Earlier, Hood had gotten to know former AG Mike Moore on the campaign trail, and liked what he saw.
“He was for clean government and fairness,” Hood said. “I got out and helped him campaign, but I was still planning to do oil and gas work. After the fall semester of 1988, I finished law school and went back to oil and gas, which was booming again.”
Hood hadn’t intended to be a courtroom lawyer. But after working in the criminal division of the AG’s office, he felt great satisfaction doing work that really helps people. So after clerking for the Mississippi Supreme Court in 1989, he went back to the AG’s office to run the drug enforcement unit. He worked there for three years, first in drug enforcement and then in environmental prosecutions.
Then in 1995, the DA of his home circuit court district wasn’t running for re-election. Hood ran and won office serving as the DA for seven northern Mississippi counties, with Oxford as the main office. After two terms, Moore made his surprise announcement that he wasn’t running for re-election. Hood quickly changed from running for re-election as DA to running for AG.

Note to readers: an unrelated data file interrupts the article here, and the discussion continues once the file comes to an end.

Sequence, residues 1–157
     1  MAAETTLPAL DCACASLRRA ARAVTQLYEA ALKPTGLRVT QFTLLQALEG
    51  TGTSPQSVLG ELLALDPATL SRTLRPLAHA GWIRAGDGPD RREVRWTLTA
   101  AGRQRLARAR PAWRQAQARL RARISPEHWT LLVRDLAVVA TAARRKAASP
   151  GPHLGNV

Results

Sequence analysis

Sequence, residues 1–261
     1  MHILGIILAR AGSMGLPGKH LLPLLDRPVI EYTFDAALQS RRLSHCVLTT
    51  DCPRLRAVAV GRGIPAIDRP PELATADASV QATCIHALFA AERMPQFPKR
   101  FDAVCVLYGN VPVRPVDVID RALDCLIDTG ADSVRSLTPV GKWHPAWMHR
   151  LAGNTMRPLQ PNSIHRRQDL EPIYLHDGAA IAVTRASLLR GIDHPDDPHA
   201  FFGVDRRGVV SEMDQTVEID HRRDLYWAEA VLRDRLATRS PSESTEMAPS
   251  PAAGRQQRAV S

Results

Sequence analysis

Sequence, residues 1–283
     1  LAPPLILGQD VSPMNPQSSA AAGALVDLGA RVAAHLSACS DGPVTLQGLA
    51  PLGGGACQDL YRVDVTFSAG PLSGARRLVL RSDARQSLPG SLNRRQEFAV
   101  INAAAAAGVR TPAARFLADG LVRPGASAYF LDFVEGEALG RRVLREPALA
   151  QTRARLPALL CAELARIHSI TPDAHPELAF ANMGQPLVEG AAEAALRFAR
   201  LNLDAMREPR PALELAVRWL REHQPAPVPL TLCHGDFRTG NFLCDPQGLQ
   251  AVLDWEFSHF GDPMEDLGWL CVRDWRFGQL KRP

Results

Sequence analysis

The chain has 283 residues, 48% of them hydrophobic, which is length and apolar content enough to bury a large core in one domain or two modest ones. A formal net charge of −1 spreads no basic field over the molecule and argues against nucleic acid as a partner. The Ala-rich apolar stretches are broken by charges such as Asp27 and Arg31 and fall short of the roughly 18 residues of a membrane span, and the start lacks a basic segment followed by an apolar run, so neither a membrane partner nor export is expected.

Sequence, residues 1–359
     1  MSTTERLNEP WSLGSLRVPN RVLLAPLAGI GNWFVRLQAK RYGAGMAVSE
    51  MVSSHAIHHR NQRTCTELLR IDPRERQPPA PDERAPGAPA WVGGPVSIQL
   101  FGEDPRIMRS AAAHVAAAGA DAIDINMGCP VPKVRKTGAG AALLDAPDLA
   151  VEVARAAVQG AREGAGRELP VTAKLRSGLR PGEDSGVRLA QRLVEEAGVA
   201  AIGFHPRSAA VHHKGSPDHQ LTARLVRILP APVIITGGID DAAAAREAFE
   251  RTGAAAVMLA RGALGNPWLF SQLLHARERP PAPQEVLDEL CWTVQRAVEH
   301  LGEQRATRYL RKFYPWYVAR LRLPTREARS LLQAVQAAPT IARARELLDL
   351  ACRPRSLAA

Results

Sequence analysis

Moore and Hood were racquetball buddies, so Hood got an inside look at what the office was like.
“I knew what I was getting into,” Hood said. “I enjoy it. But when I left to become a DA, I had no children. When I came back to Jackson, I had three children. That has been the most difficult part, finding enough time to spend with my family.”
The part of the job he most dislikes is “dealing with some of petty partisanship that occurs in our government these days. I still am an idealist in that I believe that the law and our courts are institutions that deserve respect, and that the law is not like political policy. It doesn’t bend and change very easily. There is some purity in the law. So when you issue an opinion, or you take a position in a lawsuit, and people accuse you of politics, it is frustrating when you are just trying to do the right thing.”